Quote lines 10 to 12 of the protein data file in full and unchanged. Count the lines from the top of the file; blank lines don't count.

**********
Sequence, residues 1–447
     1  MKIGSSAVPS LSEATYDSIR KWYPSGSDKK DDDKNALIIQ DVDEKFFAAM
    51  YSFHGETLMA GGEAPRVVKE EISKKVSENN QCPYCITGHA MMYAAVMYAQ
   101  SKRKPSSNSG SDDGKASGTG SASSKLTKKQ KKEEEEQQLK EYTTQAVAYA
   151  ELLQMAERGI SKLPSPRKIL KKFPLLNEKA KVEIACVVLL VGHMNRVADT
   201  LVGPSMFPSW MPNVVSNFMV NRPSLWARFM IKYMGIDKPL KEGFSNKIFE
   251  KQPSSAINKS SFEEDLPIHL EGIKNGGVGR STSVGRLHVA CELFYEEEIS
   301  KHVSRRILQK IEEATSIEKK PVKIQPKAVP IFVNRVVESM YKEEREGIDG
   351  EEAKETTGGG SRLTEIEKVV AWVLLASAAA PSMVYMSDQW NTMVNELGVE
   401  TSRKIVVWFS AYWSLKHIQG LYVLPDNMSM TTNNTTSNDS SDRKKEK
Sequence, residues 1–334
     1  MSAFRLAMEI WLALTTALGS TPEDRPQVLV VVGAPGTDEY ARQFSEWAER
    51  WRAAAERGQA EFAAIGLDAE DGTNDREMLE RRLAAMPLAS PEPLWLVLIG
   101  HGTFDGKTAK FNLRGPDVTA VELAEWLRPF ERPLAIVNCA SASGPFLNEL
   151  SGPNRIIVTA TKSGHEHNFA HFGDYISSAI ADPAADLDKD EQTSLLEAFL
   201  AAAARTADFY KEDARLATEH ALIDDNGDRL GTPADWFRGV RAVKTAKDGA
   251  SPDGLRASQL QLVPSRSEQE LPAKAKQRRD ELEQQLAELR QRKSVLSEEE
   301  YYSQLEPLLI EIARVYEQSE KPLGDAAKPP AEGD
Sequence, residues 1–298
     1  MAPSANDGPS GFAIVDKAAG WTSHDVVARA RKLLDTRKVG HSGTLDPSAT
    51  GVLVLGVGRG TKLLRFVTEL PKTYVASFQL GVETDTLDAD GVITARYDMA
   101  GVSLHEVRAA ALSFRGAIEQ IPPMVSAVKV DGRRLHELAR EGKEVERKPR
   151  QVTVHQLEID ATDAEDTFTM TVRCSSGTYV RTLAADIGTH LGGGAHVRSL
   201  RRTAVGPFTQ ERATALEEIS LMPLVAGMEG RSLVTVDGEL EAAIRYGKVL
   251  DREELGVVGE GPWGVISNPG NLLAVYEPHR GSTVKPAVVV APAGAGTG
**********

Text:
   401  TSRKIVVWFS AYWSLKHIQG LYVLPDNMSM TTNNTTSNDS SDRKKEK
Sequence, residues 1–334
     1  MSAFRLAMEI WLALTTALGS TPEDRPQVLV VVGAPGTDEY ARQFSEWAER